Former Phillies GM Pat Gillick, now a special assistant to the team, still sees a window of opportunity for the aging and injury-prone club.
“I certainly see enough for two or three more years, for sure,” said Gillick, now a special assistant to the Phillies. “I kind of got the feeling when I came here this year that Chooch, Rollins, Howard, and Utley, they want to win. They really want to win. When people have that attitude, it carries them a long way.”
The Phillies are expected to finish third in the NL East and miss out on the playoffs once again according to almost all forecasting. They lay claim to the oldest roster in baseball and have a slew of question marks that will be answered as the season goes along, mostly pertaining to the health of Chase Utley, Ryan Howard, Roy Halladay, and Mike Adams. Halladay’s 2014 option will almost certainly not vest, meaning he may join Utley, Michael Young, and Carlos Ruiz as free agents.
They have nearly $105 million already committed for 2014, $73.5 million of which is going to Cliff Lee ($25 million), Howard ($25 million), and Cole Hamels ($23.5 million). The Minor League system is barren, earning bottom-third rankings from Keith Law (27) and John Sickels (20), among others. Unless Domonic Brown and Darin Ruf turn into bona fide Major Leaguers, and the Phillies are able to aptly fill in their future gaps with a relatively limited budget, it is hard to see them keeping a steady trajectory.
The story of Rick Ankiel is well known by now. He was a phenom pitcher who burst onto the scene with the Cardinals in 1999 and into the 2000 season as one of the top young talents in the game. Then, in the 2000 playoffs, he melted down. He got the yips. Whatever you want to call it, he lost the ability to throw strikes and his pitching career was soon over. He came back, however, against all odds, and remade his career as a solid outfielder.
It’s inspirational and incredible. But there is a lot more to the story that we’ve ever known. We will soon, however, as Ankiel is coming out with a book. Today he took to the airwaves and shared some about it. Including some amazing stuff:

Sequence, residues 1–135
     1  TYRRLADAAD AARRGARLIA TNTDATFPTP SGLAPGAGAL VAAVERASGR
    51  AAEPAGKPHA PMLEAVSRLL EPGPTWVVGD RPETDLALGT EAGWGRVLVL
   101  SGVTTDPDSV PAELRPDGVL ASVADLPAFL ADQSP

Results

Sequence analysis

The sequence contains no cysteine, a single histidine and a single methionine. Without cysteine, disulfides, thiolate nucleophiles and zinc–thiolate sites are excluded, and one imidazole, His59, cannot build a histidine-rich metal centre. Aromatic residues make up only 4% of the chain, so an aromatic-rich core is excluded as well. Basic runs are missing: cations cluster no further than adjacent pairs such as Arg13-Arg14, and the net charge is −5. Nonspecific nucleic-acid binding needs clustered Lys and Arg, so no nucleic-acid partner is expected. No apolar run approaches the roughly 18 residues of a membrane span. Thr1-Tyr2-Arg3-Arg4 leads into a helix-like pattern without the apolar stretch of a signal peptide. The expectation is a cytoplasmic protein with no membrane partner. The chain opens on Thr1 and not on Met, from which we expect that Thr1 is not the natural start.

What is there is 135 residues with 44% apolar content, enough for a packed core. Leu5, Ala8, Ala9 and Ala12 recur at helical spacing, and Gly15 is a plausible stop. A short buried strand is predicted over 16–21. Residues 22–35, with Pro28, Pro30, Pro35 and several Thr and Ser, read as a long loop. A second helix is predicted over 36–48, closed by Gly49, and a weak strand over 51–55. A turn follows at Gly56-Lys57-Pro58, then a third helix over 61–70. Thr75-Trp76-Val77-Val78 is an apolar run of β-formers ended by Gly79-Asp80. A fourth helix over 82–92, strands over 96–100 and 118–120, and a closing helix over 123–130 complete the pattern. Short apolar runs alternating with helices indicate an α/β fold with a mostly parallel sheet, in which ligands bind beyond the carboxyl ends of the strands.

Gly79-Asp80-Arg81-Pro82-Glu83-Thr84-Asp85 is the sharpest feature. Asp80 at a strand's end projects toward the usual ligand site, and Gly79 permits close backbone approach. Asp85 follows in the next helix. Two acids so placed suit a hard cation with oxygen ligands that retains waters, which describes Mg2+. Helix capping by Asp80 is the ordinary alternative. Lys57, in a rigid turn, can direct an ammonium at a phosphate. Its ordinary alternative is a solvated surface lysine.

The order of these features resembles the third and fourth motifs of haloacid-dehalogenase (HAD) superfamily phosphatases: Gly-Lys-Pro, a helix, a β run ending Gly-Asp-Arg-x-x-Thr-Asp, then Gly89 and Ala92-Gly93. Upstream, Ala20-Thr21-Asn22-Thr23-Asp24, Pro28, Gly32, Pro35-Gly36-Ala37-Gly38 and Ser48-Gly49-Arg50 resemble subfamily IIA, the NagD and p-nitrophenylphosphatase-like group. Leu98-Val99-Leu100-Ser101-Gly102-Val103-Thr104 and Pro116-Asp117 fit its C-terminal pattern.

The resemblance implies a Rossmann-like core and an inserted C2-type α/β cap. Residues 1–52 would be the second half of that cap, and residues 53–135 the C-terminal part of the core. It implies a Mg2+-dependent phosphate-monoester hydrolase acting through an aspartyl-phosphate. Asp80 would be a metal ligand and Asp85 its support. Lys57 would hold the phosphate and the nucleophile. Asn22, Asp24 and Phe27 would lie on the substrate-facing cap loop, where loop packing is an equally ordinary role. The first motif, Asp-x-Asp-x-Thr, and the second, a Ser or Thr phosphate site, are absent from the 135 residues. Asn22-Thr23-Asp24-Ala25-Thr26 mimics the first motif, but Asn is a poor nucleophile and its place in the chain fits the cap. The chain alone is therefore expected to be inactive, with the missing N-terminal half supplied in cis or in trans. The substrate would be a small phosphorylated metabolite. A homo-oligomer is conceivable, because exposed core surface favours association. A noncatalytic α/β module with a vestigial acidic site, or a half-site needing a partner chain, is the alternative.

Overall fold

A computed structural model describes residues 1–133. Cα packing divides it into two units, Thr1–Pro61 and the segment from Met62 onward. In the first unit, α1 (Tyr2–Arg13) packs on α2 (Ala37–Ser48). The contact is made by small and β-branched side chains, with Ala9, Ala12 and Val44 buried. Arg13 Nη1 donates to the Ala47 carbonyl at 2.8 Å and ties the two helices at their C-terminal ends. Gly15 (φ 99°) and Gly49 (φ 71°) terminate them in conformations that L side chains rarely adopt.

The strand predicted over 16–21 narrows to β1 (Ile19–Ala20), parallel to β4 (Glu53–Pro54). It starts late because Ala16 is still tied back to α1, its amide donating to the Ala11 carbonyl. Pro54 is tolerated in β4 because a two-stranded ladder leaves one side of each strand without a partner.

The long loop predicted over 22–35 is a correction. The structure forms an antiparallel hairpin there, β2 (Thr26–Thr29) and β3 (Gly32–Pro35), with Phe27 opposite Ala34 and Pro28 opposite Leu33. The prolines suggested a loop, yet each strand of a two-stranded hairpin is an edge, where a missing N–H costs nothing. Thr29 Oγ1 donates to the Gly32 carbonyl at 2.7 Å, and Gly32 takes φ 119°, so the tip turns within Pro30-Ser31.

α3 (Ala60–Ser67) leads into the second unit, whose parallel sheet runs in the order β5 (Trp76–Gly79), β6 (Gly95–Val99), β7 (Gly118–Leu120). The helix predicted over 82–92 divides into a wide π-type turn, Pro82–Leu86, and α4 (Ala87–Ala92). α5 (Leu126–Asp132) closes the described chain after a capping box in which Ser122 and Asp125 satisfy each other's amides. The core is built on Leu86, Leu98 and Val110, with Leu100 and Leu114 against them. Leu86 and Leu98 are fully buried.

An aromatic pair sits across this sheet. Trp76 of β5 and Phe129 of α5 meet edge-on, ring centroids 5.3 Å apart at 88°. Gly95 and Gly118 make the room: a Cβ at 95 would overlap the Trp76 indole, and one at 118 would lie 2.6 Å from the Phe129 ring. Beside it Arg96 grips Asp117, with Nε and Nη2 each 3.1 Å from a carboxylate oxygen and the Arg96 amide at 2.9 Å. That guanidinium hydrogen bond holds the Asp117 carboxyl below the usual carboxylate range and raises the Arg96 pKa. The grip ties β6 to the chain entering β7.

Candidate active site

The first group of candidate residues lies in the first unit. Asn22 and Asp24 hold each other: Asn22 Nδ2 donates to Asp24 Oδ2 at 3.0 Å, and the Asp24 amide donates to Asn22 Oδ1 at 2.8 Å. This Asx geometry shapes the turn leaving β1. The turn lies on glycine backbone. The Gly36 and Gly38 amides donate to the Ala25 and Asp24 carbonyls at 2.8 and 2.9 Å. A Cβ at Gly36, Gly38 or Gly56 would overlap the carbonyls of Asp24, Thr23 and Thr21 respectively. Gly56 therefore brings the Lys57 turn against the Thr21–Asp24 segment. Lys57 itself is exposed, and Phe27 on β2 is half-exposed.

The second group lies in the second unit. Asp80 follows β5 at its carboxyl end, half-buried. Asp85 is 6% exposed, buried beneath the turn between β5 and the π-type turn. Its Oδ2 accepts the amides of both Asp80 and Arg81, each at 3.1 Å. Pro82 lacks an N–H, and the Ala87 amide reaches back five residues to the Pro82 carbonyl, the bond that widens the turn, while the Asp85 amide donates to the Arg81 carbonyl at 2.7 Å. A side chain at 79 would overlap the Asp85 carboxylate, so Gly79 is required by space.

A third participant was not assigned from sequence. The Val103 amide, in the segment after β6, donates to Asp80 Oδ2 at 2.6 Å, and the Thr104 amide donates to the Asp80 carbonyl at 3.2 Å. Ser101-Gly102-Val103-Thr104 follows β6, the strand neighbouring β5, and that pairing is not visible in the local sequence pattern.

On drinking in his first start after the famous meltdown in Game One of the 2000 National League division series against the Braves:
“Before that game…I’m scared to death. I know I have no chance. Feeling the pressure of all that, right before the game I get a bottle of vodka. I just started drinking vodka. Low and behold, it kind of tamed the monster, and I was able to do what I wanted. I’m sitting on the bench feeling crazy I have to drink vodka to pitch through this. It worked for that game. (I had never drank before a game before). It was one of those things like the yipps, the monster, the disease…it didn’t fight fair so I felt like I wasn’t going to fight fair either.”
Imagine spending your whole life getting to the pinnacle of your career. Then imagine it immediately disintegrating. And then imagine having to go out and do it again in front of millions. It’s almost impossible for anyone to contemplate and, as such, it’s hard to judge almost anything Ankiel did in response to that when he was 21 years-old. That Ankiel got through that and made a career for himself is absolutely amazing. It’s a testament to his drive and determination.
A couple of weeks ago our president wrote one of his more . . . vexing tweets. He was talking about immigration when he whipped out the phrase . . . “Easy D”:
No one was quite sure what he meant by Easy D. Was it the older brother of N.W.A.’s founder? The third sequel to that Emma Stone movie from a few years back? So many questions!
Baseball Twitter had fun with it, though, with a lot of people wondering how they could work it in casually to their commentary:
It wasn’t a scout who did it, but twelve days after that, a player obliged Mr. McCullough:
I have no more idea what Turner was talking about with that than Trump was. We’ll have to wait for the full story in the L.A. Times. But I am going to assume Turner was doing McCullough a solid with that one rather than commenting on the president’s tweet. Either way, I’m glad he made the effort.
And before you ask: yes, it’s a slow news day.